I am greatly indebted to Sherry Harris, a relative of Lewis Thompson, for adding a great deal of detail and both pictures to the story of this brave cavalryman.
Lewis Tappen Thompson was born in Philadelphia on July 25, 1838. He was the eldest of five children who survived childhood. His father, also named Lewis, was a publisher and member of the Anti-Slavery Society in Philadelphia. He was also part of the Underground Railroad before the Civil War.
Lewis was raised in Philadelphia, and educated for a business career. He was working as a cashier and bookkeeper for P. Waples and Co. of Philadelphia when the war broke out. Lewis and his brother James enlisted in Company A, 71st New York State Militia, a ninety day regiment, on April 21, 1861, and mustered out with the rest of the company on July 30th. He served primarily at the Washington Navy Yard, but also fought in the first battle of Bull Run.
When the regiment was mustered out, Thompson was appointed a lieutenant of volunteers and assigned as an aide on the staff of Brigadier General John C. Fremont. After Fremont was relieved of command, he worked briefly as an adjutant general for Lane’s brigade before being appointed a captain in the 3rd Kansas Cavalry. Singled out for bravery and leadership in a winter expedition into Missouri for forage, General Lane recommended him for an appointment in the regular army.
On February 19, 1862, Lewis Thompson was appointed a second lieutenant in the 2nd U.S. Cavalry and assigned to Company I. He wouldn’t see his new company for nearly a year. He remained at Fort Leavenworth, Kansas for several more months working as a Mustering & Disbursing Officer. He was promoted to first lieutenant on October 28, 1862, but word of the promotion did not reach him or the regiment until the following spring.
Lieutenant Thompson joined the 2nd U.S. Cavalry at Fort Albany, Virginia in December 1862, where several recently recruited companies were en route to join the regiment. He commanded Company G during the march, then joined Company I upon arrival. He spent the winter on picket duty with his company, based from their winter quarters near Falmouth.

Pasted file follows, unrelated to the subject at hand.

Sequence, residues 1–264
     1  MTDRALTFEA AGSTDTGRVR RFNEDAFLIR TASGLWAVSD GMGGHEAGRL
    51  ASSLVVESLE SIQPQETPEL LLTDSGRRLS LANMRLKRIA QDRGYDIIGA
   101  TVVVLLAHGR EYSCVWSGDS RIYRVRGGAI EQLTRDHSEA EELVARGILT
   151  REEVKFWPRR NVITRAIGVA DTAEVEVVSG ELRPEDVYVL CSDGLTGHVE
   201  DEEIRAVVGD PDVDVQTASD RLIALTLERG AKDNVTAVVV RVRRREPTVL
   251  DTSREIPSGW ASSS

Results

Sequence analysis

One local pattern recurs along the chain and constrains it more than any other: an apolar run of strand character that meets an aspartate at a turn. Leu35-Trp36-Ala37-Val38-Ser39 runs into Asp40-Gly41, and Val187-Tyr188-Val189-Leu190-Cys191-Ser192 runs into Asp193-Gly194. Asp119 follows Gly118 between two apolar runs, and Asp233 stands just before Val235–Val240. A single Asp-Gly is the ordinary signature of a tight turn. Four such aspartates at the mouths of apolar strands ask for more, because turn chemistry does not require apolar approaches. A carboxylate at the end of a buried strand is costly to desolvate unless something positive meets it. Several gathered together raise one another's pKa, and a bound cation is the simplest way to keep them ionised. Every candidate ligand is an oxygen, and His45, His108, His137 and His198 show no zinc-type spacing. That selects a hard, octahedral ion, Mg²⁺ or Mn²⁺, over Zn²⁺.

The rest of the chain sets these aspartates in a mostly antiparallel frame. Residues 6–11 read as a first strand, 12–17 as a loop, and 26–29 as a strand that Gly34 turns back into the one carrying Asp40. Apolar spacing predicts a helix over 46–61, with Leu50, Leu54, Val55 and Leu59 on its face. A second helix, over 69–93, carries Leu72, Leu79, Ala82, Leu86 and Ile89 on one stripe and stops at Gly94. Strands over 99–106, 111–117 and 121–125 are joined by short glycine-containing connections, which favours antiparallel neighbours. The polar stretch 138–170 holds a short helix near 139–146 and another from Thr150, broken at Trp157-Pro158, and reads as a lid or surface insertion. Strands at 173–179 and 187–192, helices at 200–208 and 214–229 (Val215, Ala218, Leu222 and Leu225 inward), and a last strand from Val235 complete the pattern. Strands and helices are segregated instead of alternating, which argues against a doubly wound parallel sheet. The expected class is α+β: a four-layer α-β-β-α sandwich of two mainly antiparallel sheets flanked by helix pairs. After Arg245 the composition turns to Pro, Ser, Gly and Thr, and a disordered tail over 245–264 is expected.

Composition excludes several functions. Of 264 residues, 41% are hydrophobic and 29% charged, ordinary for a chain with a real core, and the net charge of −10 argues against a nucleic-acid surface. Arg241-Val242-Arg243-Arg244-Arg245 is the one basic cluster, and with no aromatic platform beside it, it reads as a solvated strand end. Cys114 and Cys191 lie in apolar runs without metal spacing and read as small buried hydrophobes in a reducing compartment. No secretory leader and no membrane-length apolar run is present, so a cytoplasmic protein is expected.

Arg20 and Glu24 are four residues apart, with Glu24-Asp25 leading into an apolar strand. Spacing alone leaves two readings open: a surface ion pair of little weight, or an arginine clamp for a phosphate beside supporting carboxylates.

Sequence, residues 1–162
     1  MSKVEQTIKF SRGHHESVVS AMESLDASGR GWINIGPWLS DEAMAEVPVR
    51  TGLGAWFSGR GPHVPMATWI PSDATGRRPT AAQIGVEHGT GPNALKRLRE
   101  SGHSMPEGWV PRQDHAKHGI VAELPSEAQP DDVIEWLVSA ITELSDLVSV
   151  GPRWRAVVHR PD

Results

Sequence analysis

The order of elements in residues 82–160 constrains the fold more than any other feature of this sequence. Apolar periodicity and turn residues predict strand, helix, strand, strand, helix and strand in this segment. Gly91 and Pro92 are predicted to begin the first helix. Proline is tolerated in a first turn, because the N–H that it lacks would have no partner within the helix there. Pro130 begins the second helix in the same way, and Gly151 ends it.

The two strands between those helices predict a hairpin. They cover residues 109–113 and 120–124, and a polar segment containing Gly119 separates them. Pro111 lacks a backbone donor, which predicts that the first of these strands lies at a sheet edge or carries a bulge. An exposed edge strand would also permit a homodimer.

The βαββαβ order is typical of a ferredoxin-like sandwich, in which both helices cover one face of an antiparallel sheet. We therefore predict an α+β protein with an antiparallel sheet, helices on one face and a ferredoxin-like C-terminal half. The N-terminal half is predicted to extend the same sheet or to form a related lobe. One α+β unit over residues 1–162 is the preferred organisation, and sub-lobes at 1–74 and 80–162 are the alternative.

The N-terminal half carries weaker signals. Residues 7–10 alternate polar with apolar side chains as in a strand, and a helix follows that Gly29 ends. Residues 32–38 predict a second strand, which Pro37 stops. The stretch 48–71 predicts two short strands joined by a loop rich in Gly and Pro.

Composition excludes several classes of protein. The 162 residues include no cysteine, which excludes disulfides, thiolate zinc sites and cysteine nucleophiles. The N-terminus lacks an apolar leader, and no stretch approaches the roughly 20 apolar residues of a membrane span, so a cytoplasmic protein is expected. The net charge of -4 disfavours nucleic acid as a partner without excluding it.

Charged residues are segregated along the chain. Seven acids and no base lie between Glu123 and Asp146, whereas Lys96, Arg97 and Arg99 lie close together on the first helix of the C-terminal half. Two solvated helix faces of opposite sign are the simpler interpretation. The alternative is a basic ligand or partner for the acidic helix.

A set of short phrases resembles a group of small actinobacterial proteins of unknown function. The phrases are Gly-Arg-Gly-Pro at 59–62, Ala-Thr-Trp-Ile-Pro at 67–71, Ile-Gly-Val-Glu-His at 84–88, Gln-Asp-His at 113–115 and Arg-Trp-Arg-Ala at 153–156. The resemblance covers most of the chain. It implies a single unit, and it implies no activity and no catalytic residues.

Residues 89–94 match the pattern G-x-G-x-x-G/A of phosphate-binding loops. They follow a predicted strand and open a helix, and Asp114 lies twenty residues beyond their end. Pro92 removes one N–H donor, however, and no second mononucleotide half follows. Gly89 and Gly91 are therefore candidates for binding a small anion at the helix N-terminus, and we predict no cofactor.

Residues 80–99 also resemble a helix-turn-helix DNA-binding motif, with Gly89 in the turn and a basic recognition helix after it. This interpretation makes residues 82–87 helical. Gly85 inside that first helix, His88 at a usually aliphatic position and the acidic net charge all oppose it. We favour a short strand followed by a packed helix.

Lieutenant Thompson was active in the spring campaign, serving with his company under Lieutenant Thomas Dewees during Stoneman’s Raid and the battle of Brandy Station. He received a brevet promotion to captain for gallant and meritorious service two weeks later during the battle of Upperville on June 21, 1863.
Lieutenant Thompson was captured during the Gettysburg campaign on July 2, 1863 while “attempting to communicate with corps headquarters,” according to brigade commander Wesley Merritt’s report on the battle. He was held at Libby Prison in Richmond until June 1864, then he was transferred briefly to Macon, Georgia and then onward to Charleston, South Carolina.
Lewis became very sick with tuberculosis and bronchitis while in Charleston, and likely would have died there if not for some family intervention. His sister, Matilda, had married Brigadier General Rufus Saxton, a quartermaster officer. When the Union captured parts of South Carolina in 1864, Saxton was appointed military governor of the state. He established his offices in the same building as the erstwhile Confederate commander of the area, former member of the 2nd Dragoons William Hardee. Hardee had been Saxton’s commander at West Point before the war. Saxton heard of his brother in law’s illness, and by luck was holding one of Hardee’s staff officers of the same rank prisoner. After Saxton contacted Hardee, “he responded cordially, and the two officers were exchanged, and the life of one brave officer was saved.”
Thompson was exchanged at Charleston, SC on October 4, 1864, and sent to Camp Parole, near Annapolis, Maryland to recover in the military hospitals there. After recovering from his illness and his release from Camp Parole, Maryland, Captain Thompson was assigned to special duty on the staff of Governor Cummings in Golden City, Colorado. He served there from September 25, 1865 until September 1866, when he was ordered to join his company. In the interim, he had been promoted twice. He received a brevet promotion to major for meritorious service during the war on September 25, 1865. On July 28, 1866, he was promoted to captain and command of Company L, 2nd U.S. Cavalry.